Kathmandu, Apr.25 : Ties between India and Nepal are unlikely to get off to a positive start with the coming of a Maoist-led coalition government in Nepal, as Maoist leader Prachanda has upped the ante and demanded the scrapping of the 1950 India-Nepal Peace and Friendship Treaty.
Prachanda told reporters here that several other treaties with India also needed to be revisited and reviewed, but added that he was all for a positive and constructive relationship with New Delhi.
Prachanda, who is a frontrunner to be Nepal's next Prime Minister, said agreements like the India-Nepal Peace and Friendship Treaty needed to be consigned to the dustbin of history, as it has been deemed to be unequal from a security relations point of view.
The Maoists, he said, are also likely to demand the scrapping, or the review of the 1996 Mahakali Treaty, which governs the sharing of waters of the Mahakali of Sharda River for irrigation and generation of hydel power.
He also ruled out immediate chances of the Maoists renouncing their arms, but added that reactionary violence would be halted.
The Maoists, who have won a general election in Nepal after remaining political pariahs since 1996, also want to stop a 200-year-old tradition of allowing members of their Gurkha community enrolling with the British and Indian armies.
Terming this practice as humiliating and mercenary, Pranchanda and other Maoist and Left leaders are of the view that the Gurkhas should serve the Nepal Army. They have promised to look after them economically.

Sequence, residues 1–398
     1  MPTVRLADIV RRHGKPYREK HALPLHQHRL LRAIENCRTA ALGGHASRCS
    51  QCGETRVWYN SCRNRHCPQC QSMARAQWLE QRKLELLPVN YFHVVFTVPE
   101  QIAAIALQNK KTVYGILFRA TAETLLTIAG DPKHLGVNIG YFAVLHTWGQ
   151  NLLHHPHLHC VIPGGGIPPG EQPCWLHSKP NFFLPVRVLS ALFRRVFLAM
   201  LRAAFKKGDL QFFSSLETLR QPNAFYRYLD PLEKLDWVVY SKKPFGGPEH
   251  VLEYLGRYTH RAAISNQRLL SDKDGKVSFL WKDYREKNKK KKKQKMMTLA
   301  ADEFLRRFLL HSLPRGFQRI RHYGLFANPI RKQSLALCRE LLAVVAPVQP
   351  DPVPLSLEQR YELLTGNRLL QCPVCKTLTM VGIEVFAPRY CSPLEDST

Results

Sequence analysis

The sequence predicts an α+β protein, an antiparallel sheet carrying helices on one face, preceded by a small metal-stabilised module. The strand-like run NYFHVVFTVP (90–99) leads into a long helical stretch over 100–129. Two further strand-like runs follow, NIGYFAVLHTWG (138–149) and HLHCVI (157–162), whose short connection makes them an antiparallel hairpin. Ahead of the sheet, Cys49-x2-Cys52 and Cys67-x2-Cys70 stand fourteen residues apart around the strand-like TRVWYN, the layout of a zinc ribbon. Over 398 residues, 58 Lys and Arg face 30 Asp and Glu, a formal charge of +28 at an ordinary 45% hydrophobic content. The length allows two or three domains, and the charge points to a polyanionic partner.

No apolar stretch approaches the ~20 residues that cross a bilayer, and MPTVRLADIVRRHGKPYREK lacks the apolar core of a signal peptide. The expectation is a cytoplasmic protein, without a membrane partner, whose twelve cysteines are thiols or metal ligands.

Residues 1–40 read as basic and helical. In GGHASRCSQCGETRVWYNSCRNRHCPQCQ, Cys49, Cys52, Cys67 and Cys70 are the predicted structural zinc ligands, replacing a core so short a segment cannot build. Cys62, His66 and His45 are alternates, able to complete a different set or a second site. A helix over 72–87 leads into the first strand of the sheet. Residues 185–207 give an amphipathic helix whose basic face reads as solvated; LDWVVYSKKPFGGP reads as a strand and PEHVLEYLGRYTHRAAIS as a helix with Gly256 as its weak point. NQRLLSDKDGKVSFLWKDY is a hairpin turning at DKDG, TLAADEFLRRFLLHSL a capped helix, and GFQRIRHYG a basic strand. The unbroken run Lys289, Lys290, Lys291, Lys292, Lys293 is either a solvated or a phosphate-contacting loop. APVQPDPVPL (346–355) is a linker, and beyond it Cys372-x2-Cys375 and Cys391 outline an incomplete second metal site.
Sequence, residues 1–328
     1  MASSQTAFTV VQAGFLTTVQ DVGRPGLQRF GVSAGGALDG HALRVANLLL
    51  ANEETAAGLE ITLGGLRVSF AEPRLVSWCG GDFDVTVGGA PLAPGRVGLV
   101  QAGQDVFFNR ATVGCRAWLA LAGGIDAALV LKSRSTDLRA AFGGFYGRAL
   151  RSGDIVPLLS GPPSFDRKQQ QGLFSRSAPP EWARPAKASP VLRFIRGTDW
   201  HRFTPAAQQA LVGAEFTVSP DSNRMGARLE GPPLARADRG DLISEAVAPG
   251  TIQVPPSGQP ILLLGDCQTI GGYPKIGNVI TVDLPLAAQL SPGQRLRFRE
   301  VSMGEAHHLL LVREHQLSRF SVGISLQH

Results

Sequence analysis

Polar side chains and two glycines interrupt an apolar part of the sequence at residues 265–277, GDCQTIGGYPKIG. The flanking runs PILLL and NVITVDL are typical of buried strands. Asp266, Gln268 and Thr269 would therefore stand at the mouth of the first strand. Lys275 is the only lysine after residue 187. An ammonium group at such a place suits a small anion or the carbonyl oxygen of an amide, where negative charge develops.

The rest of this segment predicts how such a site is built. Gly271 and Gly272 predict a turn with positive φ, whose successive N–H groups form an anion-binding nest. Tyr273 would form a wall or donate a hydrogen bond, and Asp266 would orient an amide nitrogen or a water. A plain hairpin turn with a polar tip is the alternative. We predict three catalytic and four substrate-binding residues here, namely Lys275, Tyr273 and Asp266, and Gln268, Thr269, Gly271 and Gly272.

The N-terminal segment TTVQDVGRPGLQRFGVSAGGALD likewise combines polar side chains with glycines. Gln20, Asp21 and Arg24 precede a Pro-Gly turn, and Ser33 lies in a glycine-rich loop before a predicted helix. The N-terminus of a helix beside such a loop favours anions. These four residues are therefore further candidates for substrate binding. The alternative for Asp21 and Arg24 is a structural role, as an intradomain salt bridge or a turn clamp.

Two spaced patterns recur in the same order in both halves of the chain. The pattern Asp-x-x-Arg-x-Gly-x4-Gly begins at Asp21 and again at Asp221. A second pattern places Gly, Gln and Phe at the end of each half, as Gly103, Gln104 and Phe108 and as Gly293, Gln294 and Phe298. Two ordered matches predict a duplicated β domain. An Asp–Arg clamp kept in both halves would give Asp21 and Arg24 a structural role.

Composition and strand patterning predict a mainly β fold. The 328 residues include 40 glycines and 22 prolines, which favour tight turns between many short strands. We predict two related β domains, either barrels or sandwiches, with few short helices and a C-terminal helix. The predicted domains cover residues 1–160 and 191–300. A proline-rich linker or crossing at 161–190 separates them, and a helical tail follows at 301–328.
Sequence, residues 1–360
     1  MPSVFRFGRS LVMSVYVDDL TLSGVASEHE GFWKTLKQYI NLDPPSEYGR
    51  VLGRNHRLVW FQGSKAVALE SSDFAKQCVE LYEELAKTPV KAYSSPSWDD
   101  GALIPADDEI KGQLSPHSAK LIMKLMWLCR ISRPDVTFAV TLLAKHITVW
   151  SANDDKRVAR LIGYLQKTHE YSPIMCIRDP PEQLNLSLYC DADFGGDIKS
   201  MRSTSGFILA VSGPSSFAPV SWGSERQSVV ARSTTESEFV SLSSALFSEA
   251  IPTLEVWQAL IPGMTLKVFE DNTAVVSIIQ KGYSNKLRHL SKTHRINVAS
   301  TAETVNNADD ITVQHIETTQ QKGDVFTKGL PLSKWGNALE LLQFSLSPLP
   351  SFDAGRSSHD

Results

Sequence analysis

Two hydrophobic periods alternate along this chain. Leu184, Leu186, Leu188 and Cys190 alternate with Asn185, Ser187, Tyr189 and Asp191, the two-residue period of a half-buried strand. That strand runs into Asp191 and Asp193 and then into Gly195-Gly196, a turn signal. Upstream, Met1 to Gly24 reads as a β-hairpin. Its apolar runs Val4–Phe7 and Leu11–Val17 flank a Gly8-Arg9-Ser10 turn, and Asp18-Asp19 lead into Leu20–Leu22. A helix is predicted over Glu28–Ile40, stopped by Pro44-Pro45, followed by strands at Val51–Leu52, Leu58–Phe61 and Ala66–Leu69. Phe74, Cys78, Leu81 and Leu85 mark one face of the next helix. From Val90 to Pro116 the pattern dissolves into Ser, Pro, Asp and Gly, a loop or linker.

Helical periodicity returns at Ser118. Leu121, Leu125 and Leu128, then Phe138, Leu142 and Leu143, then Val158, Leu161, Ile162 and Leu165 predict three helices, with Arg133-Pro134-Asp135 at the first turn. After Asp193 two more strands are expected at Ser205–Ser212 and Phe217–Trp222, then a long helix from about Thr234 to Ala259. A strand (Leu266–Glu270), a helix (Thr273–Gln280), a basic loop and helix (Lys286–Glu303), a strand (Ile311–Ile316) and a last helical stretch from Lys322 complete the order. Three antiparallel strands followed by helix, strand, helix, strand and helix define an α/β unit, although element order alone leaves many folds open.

The Gurkhas, on the other hand, continue to wrestle with a moral dilemma of choosing a life of dignity or a life which will ensure livelihood and sustenance.
Aqbout 3,400 Gurkhas serve in the British Army and 40,000 in the Indian Army. The Gurkhas also serve in Singapore's elite security service.
The Maoist insurgency in Nepal between 1996 and 2006 claimed the lives of over 13,000 people. The levels of violence dropped towards the end of 2005, with the Maoist leadership agreeing to have a political alliance and understanding with other parties in Nepal in a bid to replace the monarchy with a republic. That dream has now become a reality with the results of the April 10 Constituent Assembly elections.